And sharing, right, so that goes back to, you know, that human connection and meeting that to grow your business and stay passionate about what you do and get over those really tough days, weeks and months and years that we unfortunately have as entrepreneurs. I couldn’t have gotten to where I am without that. And when I struggled most in life in business, it was because I was alone. It was me and my website and my content. I had a writer and I had a developer and that was it. That was my circle was too small. So you do have to have, I think, a bigger circle. When it comes to the brick and mortar space, you think well, there’s, you know, there’s people around you, it’s more your community in that town. But talk to me about what you’re doing with the community at Contrarian Cash Flow. Because I think it’s important for people to understand that it’s, when you’re buying that ice machine are that laundromat or whatever boring business, it might be that you’re not just, you know, connected with the people in your neighborhood, in your town, in your community, there’s an online community that you’ve built, you can talk to people all over the country with World license.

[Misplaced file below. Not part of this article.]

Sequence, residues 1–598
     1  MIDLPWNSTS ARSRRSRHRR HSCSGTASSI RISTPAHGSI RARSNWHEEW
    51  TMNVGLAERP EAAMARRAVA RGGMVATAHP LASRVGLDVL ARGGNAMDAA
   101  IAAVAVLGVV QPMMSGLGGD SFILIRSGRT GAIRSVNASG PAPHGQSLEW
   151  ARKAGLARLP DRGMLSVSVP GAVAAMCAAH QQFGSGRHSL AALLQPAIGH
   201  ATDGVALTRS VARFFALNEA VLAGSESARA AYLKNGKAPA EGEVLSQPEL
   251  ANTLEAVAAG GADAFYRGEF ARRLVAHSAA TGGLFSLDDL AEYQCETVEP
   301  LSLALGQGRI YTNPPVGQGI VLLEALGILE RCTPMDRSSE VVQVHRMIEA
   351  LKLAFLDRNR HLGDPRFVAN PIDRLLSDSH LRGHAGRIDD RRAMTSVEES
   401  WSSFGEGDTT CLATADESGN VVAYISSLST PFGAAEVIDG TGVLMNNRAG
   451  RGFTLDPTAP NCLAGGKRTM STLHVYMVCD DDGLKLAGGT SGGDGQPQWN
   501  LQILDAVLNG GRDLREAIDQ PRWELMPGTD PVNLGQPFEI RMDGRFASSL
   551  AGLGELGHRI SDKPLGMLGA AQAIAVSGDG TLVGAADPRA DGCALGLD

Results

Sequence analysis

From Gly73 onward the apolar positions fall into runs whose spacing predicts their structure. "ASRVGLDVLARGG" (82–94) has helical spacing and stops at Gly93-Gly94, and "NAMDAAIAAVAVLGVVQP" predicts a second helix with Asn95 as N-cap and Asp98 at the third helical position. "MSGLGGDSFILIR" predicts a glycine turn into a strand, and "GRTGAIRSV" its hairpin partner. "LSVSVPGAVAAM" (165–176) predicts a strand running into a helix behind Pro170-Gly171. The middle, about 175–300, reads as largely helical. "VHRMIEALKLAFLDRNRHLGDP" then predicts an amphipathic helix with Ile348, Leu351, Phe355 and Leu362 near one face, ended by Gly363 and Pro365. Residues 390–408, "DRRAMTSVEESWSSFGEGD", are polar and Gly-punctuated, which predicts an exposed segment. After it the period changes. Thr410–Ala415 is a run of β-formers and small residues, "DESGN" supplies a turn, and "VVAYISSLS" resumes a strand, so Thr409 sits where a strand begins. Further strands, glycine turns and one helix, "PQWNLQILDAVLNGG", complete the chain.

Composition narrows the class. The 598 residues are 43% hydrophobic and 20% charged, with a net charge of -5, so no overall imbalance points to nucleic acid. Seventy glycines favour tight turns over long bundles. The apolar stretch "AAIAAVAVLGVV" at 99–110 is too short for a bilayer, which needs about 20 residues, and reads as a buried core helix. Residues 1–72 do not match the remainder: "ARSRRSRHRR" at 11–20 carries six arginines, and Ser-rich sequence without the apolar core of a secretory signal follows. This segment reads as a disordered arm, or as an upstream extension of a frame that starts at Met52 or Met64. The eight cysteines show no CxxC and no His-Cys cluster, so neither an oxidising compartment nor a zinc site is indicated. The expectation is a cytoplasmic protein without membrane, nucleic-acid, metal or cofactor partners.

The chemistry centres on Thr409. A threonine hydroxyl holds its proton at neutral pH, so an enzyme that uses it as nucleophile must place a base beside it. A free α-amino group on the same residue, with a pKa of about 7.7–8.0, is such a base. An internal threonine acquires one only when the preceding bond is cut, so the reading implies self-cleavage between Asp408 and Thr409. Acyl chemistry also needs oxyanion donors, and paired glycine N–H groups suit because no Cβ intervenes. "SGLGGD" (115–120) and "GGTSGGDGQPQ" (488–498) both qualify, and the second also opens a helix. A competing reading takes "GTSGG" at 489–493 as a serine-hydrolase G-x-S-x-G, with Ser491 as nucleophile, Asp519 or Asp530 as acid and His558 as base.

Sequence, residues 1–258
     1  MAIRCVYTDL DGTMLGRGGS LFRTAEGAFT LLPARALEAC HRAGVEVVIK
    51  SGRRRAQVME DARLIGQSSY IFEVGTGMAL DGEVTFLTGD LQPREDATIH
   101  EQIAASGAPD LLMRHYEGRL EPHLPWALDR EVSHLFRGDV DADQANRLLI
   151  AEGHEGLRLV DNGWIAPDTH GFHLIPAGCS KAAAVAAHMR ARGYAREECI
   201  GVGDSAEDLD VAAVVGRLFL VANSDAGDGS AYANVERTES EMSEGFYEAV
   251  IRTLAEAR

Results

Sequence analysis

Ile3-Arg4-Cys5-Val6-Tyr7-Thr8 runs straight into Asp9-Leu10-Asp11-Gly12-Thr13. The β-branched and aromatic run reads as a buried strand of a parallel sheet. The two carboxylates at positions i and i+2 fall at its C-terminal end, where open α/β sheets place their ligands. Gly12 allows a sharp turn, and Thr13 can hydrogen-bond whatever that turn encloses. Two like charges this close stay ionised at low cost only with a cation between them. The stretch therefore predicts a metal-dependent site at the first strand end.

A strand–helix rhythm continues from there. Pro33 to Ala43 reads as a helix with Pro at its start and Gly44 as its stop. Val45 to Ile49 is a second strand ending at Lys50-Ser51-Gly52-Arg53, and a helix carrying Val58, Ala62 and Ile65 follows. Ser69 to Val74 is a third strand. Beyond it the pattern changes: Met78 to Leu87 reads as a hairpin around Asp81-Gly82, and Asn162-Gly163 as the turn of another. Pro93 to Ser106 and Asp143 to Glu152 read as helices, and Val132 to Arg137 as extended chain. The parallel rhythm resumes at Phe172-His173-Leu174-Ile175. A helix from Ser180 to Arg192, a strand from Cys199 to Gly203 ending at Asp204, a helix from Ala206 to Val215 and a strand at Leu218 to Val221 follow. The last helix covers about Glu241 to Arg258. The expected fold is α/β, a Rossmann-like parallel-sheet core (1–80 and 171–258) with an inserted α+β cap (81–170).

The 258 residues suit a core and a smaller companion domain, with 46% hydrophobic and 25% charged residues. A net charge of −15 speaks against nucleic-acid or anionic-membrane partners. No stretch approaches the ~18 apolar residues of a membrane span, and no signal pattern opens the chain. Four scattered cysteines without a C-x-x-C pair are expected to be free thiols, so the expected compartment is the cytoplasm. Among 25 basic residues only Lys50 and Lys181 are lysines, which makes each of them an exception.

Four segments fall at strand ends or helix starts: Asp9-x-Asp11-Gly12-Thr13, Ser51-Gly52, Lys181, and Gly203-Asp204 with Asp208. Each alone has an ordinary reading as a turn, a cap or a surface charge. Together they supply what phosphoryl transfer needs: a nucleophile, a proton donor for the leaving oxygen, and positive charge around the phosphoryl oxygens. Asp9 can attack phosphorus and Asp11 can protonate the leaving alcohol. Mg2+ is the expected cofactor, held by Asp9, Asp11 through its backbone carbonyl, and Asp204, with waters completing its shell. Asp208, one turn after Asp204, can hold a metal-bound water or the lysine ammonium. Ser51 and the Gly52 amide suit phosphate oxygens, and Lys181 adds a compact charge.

Codie Sanchez  21:43